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Father blames Thomas Cook for death of his children

Posted in: Accidents and Sickness Abroad Public Liability 

Wakefield Coroners’ Court heard that the father of two children who died whilst on holiday in Corfu in October 2006, “firmly believed” that his children would be alive today if Thomas Cook had inspected a faulty boiler.  The children, Robert aged 6 and Christianne aged seven died from carbon monoxide poisoning after complaining of feeling unwell.  Their father, Neil Shepherd of Horbury, West Yorkshire, told the court he was “paralysed by guilt” by their deaths and wept as he recalled his “perfect son” and “feisty, loving” daughter.  Sharon Wood, the children’s mother described the faulty boiler as gross negligence” on behalf of Thomas Cook.

Children felt dizzy and sick

The family had booked their holiday to Louis Corcyra Beach Hotel through Thomas Cook and arrived at the location on 23 October 2006.  On the third day of the holiday both children complained about feeling unwell.  Bobby seemed to be losing his balance and Christi complained of a headache.  The children’s step-mother said she also felt dizzy and sick and went to comfort the children as they lay in their beds.  Mr Shepherd lay next to his son and stroked his head to try to comfort him. The children were found the following morning by a chambermaid. Both had died and their parents were in a coma.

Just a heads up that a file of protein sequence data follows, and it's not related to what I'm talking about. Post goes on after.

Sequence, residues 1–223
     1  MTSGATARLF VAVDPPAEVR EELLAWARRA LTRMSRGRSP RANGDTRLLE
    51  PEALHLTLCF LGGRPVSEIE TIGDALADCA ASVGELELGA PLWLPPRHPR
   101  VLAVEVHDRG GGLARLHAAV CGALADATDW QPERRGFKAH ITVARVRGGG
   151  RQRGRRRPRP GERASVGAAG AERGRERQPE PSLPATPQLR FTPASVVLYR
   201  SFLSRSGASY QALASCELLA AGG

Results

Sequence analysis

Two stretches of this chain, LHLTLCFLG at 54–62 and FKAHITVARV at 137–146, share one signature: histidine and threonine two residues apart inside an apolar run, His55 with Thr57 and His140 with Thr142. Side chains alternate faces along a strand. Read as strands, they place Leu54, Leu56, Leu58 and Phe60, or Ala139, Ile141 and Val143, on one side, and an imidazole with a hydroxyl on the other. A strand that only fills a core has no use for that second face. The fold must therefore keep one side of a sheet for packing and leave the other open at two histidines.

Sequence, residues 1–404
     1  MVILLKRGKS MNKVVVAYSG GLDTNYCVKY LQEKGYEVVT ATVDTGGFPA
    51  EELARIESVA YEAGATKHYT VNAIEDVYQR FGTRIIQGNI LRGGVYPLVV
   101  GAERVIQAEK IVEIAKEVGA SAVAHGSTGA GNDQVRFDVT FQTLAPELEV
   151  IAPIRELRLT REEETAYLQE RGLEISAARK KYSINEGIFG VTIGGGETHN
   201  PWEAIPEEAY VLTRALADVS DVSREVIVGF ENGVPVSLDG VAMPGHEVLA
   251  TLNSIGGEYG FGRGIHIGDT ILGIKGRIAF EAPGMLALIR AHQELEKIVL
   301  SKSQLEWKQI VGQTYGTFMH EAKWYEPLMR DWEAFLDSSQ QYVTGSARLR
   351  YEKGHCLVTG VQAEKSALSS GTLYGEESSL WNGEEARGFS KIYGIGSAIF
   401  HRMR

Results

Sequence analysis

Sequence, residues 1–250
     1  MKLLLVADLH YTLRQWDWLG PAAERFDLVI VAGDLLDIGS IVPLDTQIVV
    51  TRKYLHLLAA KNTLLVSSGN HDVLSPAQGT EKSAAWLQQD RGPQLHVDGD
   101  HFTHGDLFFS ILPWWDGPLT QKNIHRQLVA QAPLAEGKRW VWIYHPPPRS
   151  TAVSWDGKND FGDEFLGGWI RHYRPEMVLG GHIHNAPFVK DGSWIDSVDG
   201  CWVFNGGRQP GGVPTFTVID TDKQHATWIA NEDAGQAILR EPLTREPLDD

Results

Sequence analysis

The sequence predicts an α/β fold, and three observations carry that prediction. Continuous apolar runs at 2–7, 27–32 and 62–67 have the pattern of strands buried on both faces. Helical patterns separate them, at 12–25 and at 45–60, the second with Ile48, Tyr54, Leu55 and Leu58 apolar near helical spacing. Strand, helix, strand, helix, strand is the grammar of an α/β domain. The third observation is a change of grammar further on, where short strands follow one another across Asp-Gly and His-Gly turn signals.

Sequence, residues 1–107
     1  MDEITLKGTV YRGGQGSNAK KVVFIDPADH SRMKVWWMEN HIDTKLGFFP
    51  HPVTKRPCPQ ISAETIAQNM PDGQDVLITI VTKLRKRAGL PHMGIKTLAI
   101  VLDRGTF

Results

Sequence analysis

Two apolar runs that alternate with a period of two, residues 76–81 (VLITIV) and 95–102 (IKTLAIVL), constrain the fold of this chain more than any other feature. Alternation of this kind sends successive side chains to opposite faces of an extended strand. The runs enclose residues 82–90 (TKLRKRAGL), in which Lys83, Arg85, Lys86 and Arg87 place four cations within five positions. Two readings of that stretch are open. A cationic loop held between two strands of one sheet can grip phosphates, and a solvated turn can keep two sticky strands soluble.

The court heard that Mr Shepherd, 46, later learned that the previous occupants of their bungalow were being treated in hospital for carbon monoxide poisoning. The boiler had been installed incorrectly and a safety device to cut-off the boiler had been short-circuited on purpose. Levels of carbon monoxide in the bloodstream are fatal above 50% – the children’s levels were 56.8 and 60.7% post-mortems revealed.

The hearing continues.

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